PHY Theses
https://soar.wichita.edu/handle/10057/1145
2023-06-05T09:45:11ZThe magnetic vector potential, Klein-Gordon equation and Klein’s paradox in relativistic quantum mechanics
https://soar.wichita.edu/handle/10057/1170
The magnetic vector potential, Klein-Gordon equation and Klein’s paradox in relativistic quantum mechanics
Schaffer, David L.
This thesis evaluates solutions to the Klein-Gordon equation with scalar and vector potentials in the Symmetric and Landau gauges. The solution for the Klein-Gordon equation in the Symmetric gauge does reproduce elements of the two dimensional quantum harmonic oscillator. The Landau gauge solution is used in the velocity selector situation where particles can have acceleration free motion for a selected velocity. The Klein Paradox for spin less particles is reviewed and its application to the Klein- Gordon equation shows that the vector potential can have an effect on particle pair production without the violation of conservation of momentum or energy, that this effect is to suppress the particle pair production associated with Klein’s paradox and that the suppressive effect can, under certain conditions, become strong enough to prevent particle pair production in Klein’s paradox when the scalar potential is otherwise many times what would be necessary to create Klein’s paradox particle pairs.
Thesis (M.S.)--Wichita State University, College of Liberal Arts and Sciences, Dept. of Physics
2007-05-01T00:00:00ZCalculation of quantum entanglement using a genetic algorithm
https://soar.wichita.edu/handle/10057/1144
Calculation of quantum entanglement using a genetic algorithm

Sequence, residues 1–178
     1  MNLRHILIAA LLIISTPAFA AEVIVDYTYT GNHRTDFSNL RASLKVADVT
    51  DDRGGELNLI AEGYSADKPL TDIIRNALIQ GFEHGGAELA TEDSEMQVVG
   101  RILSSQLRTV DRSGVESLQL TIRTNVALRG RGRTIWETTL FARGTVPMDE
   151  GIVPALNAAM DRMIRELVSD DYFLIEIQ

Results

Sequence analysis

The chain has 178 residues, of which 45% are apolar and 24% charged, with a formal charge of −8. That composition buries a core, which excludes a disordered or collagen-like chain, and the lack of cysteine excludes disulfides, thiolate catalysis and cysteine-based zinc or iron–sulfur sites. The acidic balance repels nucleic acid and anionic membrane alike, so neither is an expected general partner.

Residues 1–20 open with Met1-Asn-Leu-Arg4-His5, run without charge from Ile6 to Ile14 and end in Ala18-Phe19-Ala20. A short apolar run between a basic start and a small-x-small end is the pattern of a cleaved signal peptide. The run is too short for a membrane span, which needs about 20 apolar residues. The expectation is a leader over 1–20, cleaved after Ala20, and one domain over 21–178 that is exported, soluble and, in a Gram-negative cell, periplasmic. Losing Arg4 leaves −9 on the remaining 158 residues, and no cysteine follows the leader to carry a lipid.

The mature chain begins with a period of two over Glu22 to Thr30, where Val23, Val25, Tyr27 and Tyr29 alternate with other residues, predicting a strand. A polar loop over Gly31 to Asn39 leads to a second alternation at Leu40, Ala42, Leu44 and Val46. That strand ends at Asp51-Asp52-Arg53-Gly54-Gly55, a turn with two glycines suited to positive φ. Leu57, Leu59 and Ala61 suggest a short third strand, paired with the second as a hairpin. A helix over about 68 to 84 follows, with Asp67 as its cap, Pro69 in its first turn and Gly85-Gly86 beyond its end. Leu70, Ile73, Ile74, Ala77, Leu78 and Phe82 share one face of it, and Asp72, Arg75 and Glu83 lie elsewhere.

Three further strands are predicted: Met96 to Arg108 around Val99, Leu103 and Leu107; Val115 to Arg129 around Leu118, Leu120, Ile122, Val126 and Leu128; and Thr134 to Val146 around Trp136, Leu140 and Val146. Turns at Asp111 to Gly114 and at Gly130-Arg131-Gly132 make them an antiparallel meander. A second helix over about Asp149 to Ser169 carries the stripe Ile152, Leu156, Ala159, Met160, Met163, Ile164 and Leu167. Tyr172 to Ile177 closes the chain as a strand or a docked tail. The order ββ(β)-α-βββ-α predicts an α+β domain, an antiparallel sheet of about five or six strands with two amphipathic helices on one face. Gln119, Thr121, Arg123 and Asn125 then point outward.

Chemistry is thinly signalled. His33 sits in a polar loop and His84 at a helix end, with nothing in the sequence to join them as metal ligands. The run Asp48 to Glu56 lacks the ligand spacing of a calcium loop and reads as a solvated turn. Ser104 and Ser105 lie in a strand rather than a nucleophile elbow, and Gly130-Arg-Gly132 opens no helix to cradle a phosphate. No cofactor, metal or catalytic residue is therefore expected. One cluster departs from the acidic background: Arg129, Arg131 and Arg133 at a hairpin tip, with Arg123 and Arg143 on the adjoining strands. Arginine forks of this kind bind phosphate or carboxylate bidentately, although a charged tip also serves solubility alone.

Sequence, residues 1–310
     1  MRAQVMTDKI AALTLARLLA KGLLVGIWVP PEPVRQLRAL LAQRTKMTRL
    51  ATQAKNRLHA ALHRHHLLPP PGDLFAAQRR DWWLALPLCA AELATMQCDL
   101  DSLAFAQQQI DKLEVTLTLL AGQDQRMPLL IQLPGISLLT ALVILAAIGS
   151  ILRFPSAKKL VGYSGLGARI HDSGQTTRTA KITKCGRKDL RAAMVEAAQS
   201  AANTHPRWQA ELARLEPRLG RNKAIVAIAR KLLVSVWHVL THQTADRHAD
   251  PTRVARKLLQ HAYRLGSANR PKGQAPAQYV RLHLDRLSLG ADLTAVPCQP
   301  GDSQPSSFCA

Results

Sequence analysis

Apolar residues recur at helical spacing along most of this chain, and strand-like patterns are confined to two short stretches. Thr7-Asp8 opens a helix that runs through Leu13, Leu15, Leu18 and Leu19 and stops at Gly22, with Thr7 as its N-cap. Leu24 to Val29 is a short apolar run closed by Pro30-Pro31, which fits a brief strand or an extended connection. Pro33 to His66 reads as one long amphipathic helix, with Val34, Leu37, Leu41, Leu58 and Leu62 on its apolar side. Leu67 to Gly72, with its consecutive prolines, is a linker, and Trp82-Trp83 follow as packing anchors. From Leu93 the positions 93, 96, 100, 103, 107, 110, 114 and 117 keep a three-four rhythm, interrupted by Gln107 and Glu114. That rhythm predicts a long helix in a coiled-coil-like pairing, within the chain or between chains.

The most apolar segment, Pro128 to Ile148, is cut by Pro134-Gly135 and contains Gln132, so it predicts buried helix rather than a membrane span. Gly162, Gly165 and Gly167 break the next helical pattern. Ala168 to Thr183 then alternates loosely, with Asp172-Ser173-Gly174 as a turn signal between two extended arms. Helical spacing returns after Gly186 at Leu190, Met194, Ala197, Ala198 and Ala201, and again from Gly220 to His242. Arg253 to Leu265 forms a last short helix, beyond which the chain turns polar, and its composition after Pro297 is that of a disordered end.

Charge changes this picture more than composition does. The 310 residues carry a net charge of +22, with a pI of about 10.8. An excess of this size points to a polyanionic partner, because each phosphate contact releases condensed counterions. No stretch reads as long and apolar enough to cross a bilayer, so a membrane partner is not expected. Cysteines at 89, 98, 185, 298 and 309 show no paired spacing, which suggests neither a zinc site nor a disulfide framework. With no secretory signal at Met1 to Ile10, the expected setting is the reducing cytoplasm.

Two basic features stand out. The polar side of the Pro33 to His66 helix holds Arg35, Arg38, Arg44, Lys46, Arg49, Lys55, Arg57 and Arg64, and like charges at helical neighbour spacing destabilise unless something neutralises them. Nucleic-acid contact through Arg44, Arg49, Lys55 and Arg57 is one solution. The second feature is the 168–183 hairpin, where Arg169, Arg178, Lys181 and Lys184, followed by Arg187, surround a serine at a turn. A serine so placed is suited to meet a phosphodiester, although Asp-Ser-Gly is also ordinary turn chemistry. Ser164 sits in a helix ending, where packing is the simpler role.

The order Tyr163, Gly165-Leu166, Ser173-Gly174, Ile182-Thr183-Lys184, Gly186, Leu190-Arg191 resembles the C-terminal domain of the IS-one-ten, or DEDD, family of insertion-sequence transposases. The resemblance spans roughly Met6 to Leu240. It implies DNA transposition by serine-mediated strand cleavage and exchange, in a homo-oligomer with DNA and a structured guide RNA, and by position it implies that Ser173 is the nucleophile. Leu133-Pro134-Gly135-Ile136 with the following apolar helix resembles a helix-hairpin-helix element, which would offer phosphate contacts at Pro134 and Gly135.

Lesniak, Joseph
Quantum entanglement is a multifaceted property that has attracted much attention, since it is used as the basis for such applications as quantum cryptography, quantum teleportation, and quantum computing. The calculation of quantum entanglement therefore has gained importance. As systems that use entanglement have evolved, the calculation of entanglement has become much more complex. A general method was developed for the calculation of entanglement for n-qubit or n-qudit system, based on the relative entropy of entanglement, and using a genetic algorithm technique. The method was tested on a two qubit system, for which there are some known points, and compared to exact calculations using the entanglement of formation and to another approximate method based on a quantum neural network. Advantages and disadvantages of the method and future work are discussed
Thesis (M.S.)--Wichita State University, College of Liberal Arts and Sciences, Dept. of Physics
2007-05-01T00:00:00ZEffective medium theory and Rosseland mean opacity
https://soar.wichita.edu/handle/10057/766
Effective medium theory and Rosseland mean opacity
Penley, Jonathan Jay
As a gas cools the mean opacity becomes dominated by the opacity of molecules and at low temperatures solid dust grains. Accurately computing the opacity is necessary to accurately compute the transfer of radiation through a gas. An attempt is made to refine the calculation of opacity within the stellar atmosphere modeling program PHOENIX through the addition of new optical constants, including those of the mineral species enstatite, forsterite, and fayalite. A general search for laboratory measurements of the optical constants of these minerals was performed, as well as a comparative study of the various data sets found. A study is also made investigating the importance of effective medium theory in the calculation of mean opacities within PHOENIX. Effective medium theory details the study of complex porous grains and the way in which they interact with electromagnetic radiation. The results of applying effective medium theory to modify the optical constants already within the bounds of this study are then compared to the current processes within PHOENIX. This study concludes that adding optical constants for forsterite and fayalite, and substituting a new data set for enstatite will help to improve the accuracy of PHOENIX models. Effective medium theory was found to not be a significant contributor to the calculations of the mean opacity.
Thesis (M.S.)--Wichita State University, College of Liberal Arts and Sciences, Dept. of Physics.; "December 2005."
2005-12-01T00:00:00Z